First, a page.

Monday, September 1, 2014


 When a 6’ boy bullied my 5’ 7” blond daughter in high school, I told her to kill the bully with kindness. That didn’t work. Then I told her to ignore him. That didn’t work. Finally she beat the bully up! He never lost his fear of her. When he saw her picture on her dad’s desk at his work several years after they had finished high school, he jumped back like he had been socked in the gut. He was very respectful. Sometimes we have to stand up to a bully.

My family are all pacifists.  My mother insisted that she was a door mat all of her life.  My older brother endured teasing.  One time, when we lived in Burbank, CA, the neighbor kids chained him to our weeping willow tree in our backyard.  He was fine with it.  He had at least gotten some attention.  Meanwhile I tried to distract the kids from picking on my brother by teaching them to climb up a tree next to our white-sided garage to stand on the asphalt roof. 

Several years later, when we were living in Alaska, my brother was chased and harassed every day after school by a neighbor girl.  My parents either weren’t aware of the constant bullying or they didn’t know what to do about it.  When my next to the youngest brother was born, and my mom was in the hospital, my aunt was caring for us.  She was appalled that my brother was gasping for air and almost having an asthmatic attack when he came home from school.  She asked him why he had been running so hard.  He told her about the neighbor girl.  She instructed him that he should wash the girl’s face in snow if she did it again.  He did as she instructed.   The girl never bullied him again but my parents were called to the school principal’s office for a lecture about boys picking on girls.  My mom was angry with my aunt for teaching my bother such a thing.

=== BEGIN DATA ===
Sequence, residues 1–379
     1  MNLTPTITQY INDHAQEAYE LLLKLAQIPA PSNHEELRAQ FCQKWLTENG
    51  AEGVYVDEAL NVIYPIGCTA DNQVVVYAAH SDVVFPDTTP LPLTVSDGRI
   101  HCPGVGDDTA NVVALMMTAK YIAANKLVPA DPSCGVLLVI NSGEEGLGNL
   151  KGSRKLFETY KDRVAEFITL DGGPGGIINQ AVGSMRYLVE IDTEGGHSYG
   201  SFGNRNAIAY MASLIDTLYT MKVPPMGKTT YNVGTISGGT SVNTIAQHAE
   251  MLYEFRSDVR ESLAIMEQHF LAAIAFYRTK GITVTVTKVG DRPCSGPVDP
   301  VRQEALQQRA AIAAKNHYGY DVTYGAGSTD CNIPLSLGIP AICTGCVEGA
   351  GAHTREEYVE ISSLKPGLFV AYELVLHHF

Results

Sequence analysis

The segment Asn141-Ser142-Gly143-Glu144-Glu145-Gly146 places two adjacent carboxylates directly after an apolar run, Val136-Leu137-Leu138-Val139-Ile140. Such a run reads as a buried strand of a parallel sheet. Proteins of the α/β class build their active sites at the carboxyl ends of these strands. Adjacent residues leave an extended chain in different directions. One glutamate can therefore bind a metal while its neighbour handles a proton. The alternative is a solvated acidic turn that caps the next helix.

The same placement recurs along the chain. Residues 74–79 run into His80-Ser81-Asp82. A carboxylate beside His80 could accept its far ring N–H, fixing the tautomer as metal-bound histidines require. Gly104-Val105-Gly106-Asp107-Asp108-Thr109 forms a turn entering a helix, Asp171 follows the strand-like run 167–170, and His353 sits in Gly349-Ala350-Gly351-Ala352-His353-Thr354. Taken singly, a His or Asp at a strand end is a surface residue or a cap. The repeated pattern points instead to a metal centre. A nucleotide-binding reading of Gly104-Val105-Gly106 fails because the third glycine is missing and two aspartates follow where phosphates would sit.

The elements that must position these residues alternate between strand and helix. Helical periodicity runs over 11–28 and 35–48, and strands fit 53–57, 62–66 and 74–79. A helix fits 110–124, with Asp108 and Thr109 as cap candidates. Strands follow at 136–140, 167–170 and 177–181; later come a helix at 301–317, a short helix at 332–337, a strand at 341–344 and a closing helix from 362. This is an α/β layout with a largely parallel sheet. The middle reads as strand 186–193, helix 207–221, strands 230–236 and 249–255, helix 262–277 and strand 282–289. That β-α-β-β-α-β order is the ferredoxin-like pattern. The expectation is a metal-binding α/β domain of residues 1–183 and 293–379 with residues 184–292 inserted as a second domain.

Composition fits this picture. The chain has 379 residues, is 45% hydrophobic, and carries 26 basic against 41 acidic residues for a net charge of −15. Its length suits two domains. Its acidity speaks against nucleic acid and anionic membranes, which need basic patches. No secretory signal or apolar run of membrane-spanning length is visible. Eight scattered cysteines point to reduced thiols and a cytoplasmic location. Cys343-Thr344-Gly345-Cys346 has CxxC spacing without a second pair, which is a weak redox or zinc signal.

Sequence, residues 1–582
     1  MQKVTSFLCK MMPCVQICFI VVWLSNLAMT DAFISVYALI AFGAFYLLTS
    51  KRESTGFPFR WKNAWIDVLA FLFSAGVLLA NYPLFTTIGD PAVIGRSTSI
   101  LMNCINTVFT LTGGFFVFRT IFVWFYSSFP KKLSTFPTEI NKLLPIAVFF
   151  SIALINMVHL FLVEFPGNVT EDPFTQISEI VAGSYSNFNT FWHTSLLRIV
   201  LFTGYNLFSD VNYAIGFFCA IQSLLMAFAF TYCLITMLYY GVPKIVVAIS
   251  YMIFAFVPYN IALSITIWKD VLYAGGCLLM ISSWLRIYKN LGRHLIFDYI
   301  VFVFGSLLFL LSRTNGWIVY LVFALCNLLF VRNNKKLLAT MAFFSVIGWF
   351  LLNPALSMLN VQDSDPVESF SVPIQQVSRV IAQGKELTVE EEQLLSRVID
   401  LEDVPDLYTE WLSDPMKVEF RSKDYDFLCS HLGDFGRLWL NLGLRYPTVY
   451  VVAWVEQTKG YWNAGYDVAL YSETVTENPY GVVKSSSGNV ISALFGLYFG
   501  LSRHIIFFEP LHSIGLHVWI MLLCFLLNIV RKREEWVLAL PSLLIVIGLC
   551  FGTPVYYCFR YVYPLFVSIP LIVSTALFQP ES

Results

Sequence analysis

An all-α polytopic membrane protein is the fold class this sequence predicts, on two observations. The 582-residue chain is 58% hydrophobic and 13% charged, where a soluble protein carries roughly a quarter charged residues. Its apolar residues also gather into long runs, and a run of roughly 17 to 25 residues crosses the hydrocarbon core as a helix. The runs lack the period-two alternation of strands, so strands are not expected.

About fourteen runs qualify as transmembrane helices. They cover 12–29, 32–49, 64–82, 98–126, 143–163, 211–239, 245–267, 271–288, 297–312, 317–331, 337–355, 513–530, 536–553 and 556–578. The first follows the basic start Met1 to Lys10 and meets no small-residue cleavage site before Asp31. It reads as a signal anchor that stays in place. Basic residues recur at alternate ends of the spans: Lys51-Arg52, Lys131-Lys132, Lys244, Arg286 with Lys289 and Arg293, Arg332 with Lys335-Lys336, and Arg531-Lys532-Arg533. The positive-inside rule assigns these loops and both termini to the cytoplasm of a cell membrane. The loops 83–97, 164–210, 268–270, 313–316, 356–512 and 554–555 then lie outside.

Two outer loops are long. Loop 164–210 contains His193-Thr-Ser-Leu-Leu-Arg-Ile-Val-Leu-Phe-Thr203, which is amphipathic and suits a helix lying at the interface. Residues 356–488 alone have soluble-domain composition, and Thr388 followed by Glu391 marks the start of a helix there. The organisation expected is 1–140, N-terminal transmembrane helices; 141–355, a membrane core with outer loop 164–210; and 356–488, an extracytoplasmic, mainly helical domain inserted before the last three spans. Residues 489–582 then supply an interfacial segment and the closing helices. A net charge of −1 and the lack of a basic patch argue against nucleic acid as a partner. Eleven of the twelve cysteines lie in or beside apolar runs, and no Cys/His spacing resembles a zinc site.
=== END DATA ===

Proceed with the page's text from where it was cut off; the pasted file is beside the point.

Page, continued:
My sister, youngest brother, and I managed to remain below the radar while growing up.   I don’t remember any of the three of us being picked on.  But my next to the youngest brother had a classmate punching him in the arm every day and causing bruises.  By this time I was teaching first grade and had come to the realization that our family was unusual.  We were compliant in school, and didn’t pick on people, but I had learned that the majority of kids are strong willed.  Almost all children will try to get away with whatever they can.  Reading and writing and arithmetic taught to the tune of the hickory stick should be the theme in school.  Tough love is the way to help children to learn.

Because of my recent experience with six year olds I figured that the boy slugging my bother just wanted to get his attention.  I advised my mother to tell him to slug the boy back.  I never heard anything more about the situation.  (Maybe my mom didn’t like my advice!)

So should one stand up to a bully with appeasement or with force?  Check out this blog written by David French--Here

Two theologian brothers, H. Richard Niebuhr and Reinhold Niebuhr argued in the 1930's about fighting or not fighting a war.  They said this--

H. Richard Niebuhr argued that radical obedience to God requires Christian nonviolence. Any other response would mean distrust in God and God's promises.

In a fallen world, Reinhold Niebuhr replied, Christians cannot act as if the reign of God has already been established, and must sometimes use force to protect the innocent.

But I think it depends on the circumstances.  When the United States fought the Nazi’s, Japan, and Italy, during World War II, we came together and focused on the goal of completely annihilating the enemy.  We used every weapon available to us. Now the United States is being bullied by Russia, by terrorists,  by China, by North Korea, and our ally Israel is being bullied by Hamas.  Either our elected officials do not know how to stand up to a bully, or they choose not to stand up to them, or there is some other reason.

 God can turn the heart of the king in any direction He pleases.  We must cry out to God for help for our leaders.  But most of all we must beseech God for the salvation of our leaders around the world.

No comments:

Post a Comment